When he returned after that first disappearance, I was relieved. And when he explained that he was addicted to opioid pills, that he was buying large quantities off the street, my only thought was to help him, to get through this together. The first step, he said, was for me to get him some more, but then to slowly step him down.
He was in a terrible state — shaking, gray, his clothes covered with grit from the street. Desperate. So we made the first of many trips to an area of town I didn’t know existed. The desperation in the air was palpable, and it was easy to see that the drug addicts — wandering, sleeping, pacing, trembling — would do anything for a fix.
His stepping-down plan, though, had me policing his drug intake. I would carefully count out the pills, and then very, very slowly lower the dosage, but he would find them almost every time, tearing the house apart while I was at work attempting to keep my job. “Stepping down” never happened.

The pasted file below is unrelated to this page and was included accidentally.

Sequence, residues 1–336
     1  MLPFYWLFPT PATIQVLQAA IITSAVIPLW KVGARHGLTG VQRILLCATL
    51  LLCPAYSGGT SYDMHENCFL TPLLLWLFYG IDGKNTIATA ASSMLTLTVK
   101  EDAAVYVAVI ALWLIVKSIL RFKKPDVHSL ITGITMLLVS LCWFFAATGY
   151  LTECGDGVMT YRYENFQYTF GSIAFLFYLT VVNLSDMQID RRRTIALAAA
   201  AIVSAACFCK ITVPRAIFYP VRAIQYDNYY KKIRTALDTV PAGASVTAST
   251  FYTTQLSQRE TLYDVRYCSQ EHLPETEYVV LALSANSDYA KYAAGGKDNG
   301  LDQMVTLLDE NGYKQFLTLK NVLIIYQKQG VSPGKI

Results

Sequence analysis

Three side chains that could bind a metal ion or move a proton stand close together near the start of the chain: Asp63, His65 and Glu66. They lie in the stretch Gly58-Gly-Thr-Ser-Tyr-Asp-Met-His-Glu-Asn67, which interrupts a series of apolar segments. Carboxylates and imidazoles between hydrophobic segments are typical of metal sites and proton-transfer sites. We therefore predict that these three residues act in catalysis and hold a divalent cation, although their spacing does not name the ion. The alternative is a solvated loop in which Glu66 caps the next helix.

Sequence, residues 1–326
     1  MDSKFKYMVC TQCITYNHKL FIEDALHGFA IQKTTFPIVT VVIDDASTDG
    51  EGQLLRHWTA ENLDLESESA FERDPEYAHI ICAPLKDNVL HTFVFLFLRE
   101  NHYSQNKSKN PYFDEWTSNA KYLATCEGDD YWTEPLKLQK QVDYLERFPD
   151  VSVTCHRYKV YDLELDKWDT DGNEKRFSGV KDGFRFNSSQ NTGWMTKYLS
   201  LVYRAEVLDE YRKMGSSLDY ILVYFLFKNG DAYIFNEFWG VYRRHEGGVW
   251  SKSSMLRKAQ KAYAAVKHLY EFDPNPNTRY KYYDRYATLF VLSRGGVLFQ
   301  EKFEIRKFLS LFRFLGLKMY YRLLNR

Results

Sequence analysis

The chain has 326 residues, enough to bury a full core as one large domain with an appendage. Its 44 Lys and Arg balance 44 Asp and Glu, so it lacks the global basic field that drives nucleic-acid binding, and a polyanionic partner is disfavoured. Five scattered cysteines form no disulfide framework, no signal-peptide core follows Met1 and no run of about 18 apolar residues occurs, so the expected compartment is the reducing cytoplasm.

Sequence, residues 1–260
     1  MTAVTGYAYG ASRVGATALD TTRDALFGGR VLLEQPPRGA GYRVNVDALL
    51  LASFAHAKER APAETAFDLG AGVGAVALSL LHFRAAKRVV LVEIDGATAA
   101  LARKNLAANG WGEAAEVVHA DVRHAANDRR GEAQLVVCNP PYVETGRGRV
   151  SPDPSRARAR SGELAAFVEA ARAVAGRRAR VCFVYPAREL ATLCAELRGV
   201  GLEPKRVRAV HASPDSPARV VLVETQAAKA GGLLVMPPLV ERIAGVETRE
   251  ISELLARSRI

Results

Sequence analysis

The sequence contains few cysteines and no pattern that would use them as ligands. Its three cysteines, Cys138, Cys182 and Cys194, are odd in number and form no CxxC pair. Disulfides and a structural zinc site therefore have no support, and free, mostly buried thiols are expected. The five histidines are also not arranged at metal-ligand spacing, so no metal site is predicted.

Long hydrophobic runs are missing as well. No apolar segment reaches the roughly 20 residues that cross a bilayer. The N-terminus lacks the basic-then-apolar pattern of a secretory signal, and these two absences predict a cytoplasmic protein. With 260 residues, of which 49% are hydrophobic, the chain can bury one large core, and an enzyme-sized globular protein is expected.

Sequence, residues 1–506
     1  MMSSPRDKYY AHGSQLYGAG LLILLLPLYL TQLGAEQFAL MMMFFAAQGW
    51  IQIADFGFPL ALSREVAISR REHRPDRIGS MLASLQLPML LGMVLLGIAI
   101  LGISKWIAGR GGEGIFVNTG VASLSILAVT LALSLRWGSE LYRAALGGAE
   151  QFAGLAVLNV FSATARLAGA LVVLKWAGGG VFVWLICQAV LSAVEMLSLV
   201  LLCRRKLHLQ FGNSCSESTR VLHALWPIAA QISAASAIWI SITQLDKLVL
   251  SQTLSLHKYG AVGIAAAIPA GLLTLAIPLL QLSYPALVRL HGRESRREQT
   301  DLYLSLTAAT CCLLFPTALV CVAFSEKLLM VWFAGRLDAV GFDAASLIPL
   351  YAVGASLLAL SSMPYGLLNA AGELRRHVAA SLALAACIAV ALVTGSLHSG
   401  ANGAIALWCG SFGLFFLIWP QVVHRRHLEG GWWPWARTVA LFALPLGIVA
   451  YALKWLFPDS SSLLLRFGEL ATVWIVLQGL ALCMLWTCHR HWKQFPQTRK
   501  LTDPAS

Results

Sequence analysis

And if he wasn’t getting enough of his poison, he would steal whatever he could and disappear for days at a time. Sometimes he would come back saying that he needed money to pay off someone who was trying to kill him. It’s unclear how many of the times he said this that it was actually true, but he did come home with his windshield broken and with injuries. I also once found a butcher knife under the mat of his car.
I had to accept that the love of my life was living on the street, and that I had forced him there. I tried taking him to shelters, giving him gift cards for food (which he flipped for drugs), buying him basic things that he needed to get by (which he would flip for drugs). I took him to detox countless times, 15 at least. I took him to the methadone clinic every day that I knew where he was, and waited in the waiting room.
His skin began to hang off his bones, making him look like a 6-foot-6 skeleton. Once an impeccable dresser, he now wore clothes that hung off him — ripped, dirty, stained with urine. He began to attempt suicide. After one disappearance, he called me from the psych ward a week after an attempt that had nearly killed him. Someone had found him and called for help.